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From the mid-sixteenth century St Stephen's became the venue from political debate and discussion.
Prior to 1550, the House of Commons did not have a permanent home, so Edward VI granted St Stephen's as a debating chamber for Members of Parliament.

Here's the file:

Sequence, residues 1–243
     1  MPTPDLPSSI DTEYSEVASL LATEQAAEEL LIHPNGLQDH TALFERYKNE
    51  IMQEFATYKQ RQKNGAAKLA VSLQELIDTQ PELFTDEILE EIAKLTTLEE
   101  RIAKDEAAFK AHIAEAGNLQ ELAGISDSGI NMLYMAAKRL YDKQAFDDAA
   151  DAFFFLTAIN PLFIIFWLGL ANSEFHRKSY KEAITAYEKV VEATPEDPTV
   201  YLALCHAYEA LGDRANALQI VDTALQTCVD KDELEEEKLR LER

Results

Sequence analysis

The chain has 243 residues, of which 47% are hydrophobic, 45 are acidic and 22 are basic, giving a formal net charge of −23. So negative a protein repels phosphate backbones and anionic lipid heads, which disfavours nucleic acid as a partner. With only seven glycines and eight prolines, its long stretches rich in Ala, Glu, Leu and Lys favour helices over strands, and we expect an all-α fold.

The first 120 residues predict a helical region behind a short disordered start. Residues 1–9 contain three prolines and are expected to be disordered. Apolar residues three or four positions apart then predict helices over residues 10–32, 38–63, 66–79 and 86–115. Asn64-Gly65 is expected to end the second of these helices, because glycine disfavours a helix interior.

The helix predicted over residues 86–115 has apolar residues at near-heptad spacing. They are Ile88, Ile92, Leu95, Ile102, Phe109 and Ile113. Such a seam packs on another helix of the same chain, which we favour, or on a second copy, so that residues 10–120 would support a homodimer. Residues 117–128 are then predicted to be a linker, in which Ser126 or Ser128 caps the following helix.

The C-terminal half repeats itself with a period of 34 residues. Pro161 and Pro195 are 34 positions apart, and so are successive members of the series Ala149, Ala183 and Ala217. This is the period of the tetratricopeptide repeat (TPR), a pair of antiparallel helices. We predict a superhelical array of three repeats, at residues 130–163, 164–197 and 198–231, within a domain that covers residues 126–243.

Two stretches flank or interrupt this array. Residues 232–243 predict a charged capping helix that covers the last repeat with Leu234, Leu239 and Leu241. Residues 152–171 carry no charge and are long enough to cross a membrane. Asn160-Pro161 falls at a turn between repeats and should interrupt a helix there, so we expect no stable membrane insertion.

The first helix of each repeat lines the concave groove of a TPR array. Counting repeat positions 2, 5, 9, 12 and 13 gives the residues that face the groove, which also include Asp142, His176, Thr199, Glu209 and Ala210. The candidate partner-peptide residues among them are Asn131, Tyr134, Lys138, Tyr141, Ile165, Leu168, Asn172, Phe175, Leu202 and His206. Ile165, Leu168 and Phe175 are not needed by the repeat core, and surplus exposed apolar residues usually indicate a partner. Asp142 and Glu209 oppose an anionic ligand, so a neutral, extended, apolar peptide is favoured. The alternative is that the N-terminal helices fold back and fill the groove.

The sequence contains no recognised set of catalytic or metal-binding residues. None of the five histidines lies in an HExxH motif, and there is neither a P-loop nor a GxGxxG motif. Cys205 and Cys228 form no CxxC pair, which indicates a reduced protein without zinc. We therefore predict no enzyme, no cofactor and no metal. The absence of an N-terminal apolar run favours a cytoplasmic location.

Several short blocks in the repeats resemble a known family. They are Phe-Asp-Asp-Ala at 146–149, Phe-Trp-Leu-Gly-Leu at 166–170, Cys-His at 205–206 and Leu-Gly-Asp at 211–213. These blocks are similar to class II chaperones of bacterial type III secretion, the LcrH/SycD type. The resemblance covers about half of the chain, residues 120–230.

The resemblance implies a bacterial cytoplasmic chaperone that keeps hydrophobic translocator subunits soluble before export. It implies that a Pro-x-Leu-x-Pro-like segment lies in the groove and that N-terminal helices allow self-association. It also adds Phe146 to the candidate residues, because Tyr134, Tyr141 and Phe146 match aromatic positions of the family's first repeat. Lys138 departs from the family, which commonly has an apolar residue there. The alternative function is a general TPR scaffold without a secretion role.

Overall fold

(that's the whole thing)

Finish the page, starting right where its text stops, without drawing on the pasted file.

Whilst women did not get the vote until the twentieth century, they could and did become involved in politics in this period.
Find out more about St Stephen's Chapel and the Houses of Parliament from 1548 to 1834
View images from the Parliamentary Art Collection of the present Palace of Westminster.
How did the configuration of St Stephen's Chapel influence our present two-party system of government versus opposition? Find out more about the first permanent home of the House of Commons